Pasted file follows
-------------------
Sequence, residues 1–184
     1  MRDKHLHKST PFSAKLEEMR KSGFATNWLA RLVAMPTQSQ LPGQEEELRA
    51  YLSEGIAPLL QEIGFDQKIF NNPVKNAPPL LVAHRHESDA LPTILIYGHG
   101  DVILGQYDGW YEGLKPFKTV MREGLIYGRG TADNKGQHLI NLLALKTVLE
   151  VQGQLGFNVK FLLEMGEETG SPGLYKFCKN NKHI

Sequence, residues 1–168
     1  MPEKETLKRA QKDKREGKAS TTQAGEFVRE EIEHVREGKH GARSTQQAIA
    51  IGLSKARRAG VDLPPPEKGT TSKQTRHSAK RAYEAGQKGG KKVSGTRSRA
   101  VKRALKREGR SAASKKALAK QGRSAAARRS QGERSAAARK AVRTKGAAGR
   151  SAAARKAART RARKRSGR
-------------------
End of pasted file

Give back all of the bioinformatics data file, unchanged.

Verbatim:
Sequence, residues 1–184
     1  MRDKHLHKST PFSAKLEEMR KSGFATNWLA RLVAMPTQSQ LPGQEEELRA
    51  YLSEGIAPLL QEIGFDQKIF NNPVKNAPPL LVAHRHESDA LPTILIYGHG
   101  DVILGQYDGW YEGLKPFKTV MREGLIYGRG TADNKGQHLI NLLALKTVLE
   151  VQGQLGFNVK FLLEMGEETG SPGLYKFCKN NKHI

Sequence, residues 1–168
     1  MPEKETLKRA QKDKREGKAS TTQAGEFVRE EIEHVREGKH GARSTQQAIA
    51  IGLSKARRAG VDLPPPEKGT TSKQTRHSAK RAYEAGQKGG KKVSGTRSRA
   101  VKRALKREGR SAASKKALAK QGRSAAARRS QGERSAAARK AVRTKGAAGR
   151  SAAARKAART RARKRSGR